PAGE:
SYCC board meets in closed-door session regarding multipurpose building project

BUCKHANNON – Buckhannon City Council plans to facilitate a public meeting next month where community members can ask about the new Stockert Youth and Community Center multipurpose building project that council unanimously approved nearly one year ago.

In September 2022, city council voted in favor of a plan for the new building and authorized the city to borrow up to $4 million for the project. Other funding sources include nearly half a million dollars donated from community members and local businesses as part of a capital campaign fundraising drive that was revitalized in 2017.

The plans call for a modern facility that will house a multipurpose gymnasium, an entryway with an admission area, public restrooms, locker rooms, a concession stand and a storage area, according to previous stories. The building is designed to fit in architecturally with downtown Buckhannon and will feature an outdoor patio area.

In their first meeting since April, the SYCC board entered into a lengthy executive session pertaining to property matters. After that, the city announced it is organizing two additional public meetings, which are a stipulation of their USDA loan application. City officials have said they will fund the project either through a low-interest USDA loan or through commercial banks.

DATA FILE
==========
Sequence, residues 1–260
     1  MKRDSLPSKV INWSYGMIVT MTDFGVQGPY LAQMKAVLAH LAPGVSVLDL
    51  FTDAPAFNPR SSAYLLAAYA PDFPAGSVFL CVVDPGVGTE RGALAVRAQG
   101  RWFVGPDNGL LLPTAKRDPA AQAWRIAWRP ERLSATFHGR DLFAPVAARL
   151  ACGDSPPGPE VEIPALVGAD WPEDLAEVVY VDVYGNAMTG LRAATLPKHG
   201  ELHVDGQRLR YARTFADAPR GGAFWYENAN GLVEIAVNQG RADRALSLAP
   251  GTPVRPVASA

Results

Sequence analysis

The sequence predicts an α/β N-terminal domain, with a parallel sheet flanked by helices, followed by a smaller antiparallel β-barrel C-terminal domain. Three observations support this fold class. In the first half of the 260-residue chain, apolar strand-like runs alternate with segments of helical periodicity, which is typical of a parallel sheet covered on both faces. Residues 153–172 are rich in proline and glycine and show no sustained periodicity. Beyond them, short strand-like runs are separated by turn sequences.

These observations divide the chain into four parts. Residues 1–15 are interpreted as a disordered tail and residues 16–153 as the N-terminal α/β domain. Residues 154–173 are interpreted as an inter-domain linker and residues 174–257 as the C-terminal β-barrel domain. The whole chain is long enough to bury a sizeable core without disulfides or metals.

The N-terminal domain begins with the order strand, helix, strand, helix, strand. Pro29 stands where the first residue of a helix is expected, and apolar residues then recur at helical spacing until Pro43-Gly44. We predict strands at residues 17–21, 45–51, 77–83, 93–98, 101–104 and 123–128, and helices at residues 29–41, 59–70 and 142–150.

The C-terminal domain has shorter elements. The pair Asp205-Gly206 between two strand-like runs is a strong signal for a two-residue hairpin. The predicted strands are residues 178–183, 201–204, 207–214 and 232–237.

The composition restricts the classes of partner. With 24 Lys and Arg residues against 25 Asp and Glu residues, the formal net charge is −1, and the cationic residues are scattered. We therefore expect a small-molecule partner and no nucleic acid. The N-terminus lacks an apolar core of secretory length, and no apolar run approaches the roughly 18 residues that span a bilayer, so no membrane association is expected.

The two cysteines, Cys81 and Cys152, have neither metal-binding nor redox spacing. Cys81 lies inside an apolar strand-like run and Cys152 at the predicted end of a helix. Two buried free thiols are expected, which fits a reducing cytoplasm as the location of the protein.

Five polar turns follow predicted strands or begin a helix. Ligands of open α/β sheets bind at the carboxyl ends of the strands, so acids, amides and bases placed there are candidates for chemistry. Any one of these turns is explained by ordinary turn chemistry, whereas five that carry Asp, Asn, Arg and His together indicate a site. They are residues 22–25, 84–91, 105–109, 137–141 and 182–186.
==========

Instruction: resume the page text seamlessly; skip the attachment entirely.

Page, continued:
“The USDA requires us to have two public meetings, one for the environmental assessment and the other one is for public comment on the Stockert building project,” according to Amberle Jenkins, director of finance and administration for the City of Buckhannon. “We can hold the two public meetings at the same time, but we have to advertise them separately.”

City engineer Jay Hollen said the assessment was conducted by a consulting engineer, and the USDA will help facilitate that part of the meeting.

“The public meeting part will be an overall comment session on the project and what the design plan is going to be now,” Hollen said. “I imagine the architect would be there as a spokesperson about this project and how we got to where we are, what the purpose of it is, and then allow for public comment.”

Jenkins anticipates the new public meetings will take place simultaneously in mid-September of this year, but the official date will be announced at a future city council meeting.

“I have to put the legal advertisement in the paper,” Jenkins said. “I have to wait 10 days from the last advertisement, and then the public meeting can happen, so we’re thinking mid-September.”

Originally envisioned as a $400,000 project, city council expanded the idea after passing the 1 percent sales tax in 2019.

To date, the city has spent $295,000 to purchase additional property for the building and $167,474 to Charleston-based Potesta & Associates for engineering work, according to Jenkins. The Mills Group out of Morgantown is providing architectural services, but Jenkins says they work with Potesta and are not paid directly by the city. Steptoe & Johnson in Bridgeport has been retained as bond counsel for the building’s financing.

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